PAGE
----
Bob Ryan, noted sports columnist for the Boston Globe recently ripped the National Collegiate Athletic Association for considering University of Georgia president Michael Adams as CEO of that organization to succeed the late Myles Brand, saying it would be a "colossal mistake." The NCAA search is being conducted by Parker Executive Search of Atlanta, the same firm that recommended Adams for the UGA job.
The Easter bunny was good to Georgia last week as he brought us the news that March revenue collections were up from a year ago, marking the first monthly increase in revenues since November of 2008.
Most of the hoopla about off-shore drilling is born from an absence of the facts, or political posturing. For example, Florida bristles at offshore drilling. It's political positioning and nothing more. They already have a plan for a pipeline to connect them directly with inshore drilling platforms suggested for adjoining states along the Gulf Coast. A perfect example of the "not in my back yard" mindset. It's a way to get the oil and the votes at the same time.
Years of research by the Georgia Public Policy Foundation have yielded a sad truth: If free market academics are few and far between in Georgia, free market economists have been scarcer than hen's teeth.
The activity surrounding each legislative session is always a combination of fast action with periods of slow-moving, tedious meetings as legislation is researched, deliberated and reconciled before the actual vote. This session was no different, and each day was used to the fullest as we set our sights on tackling some tough issues for the betterment of our state. The following is a summary of some of the major accomplishments and most-significant legislation passed this session.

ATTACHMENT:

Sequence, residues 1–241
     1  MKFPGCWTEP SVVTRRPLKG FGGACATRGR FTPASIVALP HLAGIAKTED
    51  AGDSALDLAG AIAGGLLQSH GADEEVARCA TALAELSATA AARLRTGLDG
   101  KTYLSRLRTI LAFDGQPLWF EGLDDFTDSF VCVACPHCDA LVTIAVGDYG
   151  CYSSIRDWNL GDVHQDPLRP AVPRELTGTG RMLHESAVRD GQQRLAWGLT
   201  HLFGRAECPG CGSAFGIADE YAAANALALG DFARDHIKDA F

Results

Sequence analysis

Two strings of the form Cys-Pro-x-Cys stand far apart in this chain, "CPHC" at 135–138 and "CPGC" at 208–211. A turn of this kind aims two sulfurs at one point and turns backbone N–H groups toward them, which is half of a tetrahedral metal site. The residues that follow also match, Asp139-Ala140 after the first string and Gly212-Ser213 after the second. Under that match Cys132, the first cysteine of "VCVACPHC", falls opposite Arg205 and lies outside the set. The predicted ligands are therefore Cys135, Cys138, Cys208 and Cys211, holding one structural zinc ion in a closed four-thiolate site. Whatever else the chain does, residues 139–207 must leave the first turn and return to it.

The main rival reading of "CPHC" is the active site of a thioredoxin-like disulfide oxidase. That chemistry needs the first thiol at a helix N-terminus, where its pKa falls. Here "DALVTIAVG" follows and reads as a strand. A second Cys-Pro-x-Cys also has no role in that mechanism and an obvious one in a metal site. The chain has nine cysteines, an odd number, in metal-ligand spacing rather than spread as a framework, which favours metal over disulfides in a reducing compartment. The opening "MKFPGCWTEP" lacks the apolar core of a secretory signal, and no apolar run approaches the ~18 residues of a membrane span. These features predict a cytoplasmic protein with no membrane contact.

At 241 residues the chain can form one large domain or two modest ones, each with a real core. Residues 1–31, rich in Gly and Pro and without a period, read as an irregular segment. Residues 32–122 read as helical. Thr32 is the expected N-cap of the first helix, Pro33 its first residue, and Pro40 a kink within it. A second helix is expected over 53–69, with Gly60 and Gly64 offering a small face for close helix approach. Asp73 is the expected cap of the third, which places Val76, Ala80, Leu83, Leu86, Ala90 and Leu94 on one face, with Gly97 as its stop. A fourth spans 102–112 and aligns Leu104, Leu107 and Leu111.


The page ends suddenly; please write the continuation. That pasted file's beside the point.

On Wednesday, Liberty County residents will join millions of people around the world in celebrating the Earth on Earth Day.
There will be a public hearing Tuesday in Richmond Hill held by the Georgia Department of Transportation in reference to the proposed pipeline Kinder Morgan wants to install along the entire coast of Georgia. It is important that Coastal Georgia residents attend.
Lawmakers passed a nearly $22 billion spending plan that includes about $900 million in new revenues, consumed for the most part by school-enrollment growth, increasing retirement benefit-plan expenses for state employees and about $288 million to reduce an austerity cut for public schools. The 2016 budget also increases the local school-district cost of insurance for bus drivers and other non-certified school workers by more than $100 million, so it remains to be seen how much of the $288 million is used for teacher raises and undoing recession-era cuts.
Sometimes we forget that there are a lot of good people on this Earth doing good things. I was reminded of that by my friend, Jack Cookston, who recently had some medical issues that required him to cart around an oxygen tank wherever he went. (Happily, his health has improved and the oxygen tank is history.)
As expected, transportation funding and the governor's proposal to address persistently failing public schools dominated Georgia's legislative session. The measures passed, yet several opportunities to address critical economic issues were missed.
Carrie called the other day, and I grabbed the phone just as I was coming in from the garage. I dropped my purse at the foot of the stairs and sat down on a step to talk. No conversation with Carrie is ever short. Even her voicemails run three to four minutes.
I would love a good, old-fashioned rain - or, as we used to call it, gully washer - this week.
I just finished reading an article written by Valerie Tarico on Yahoo. The story was titled "Right-wing Christianity teaches bigotry: The ugly roots of Indiana's new anti-gay law."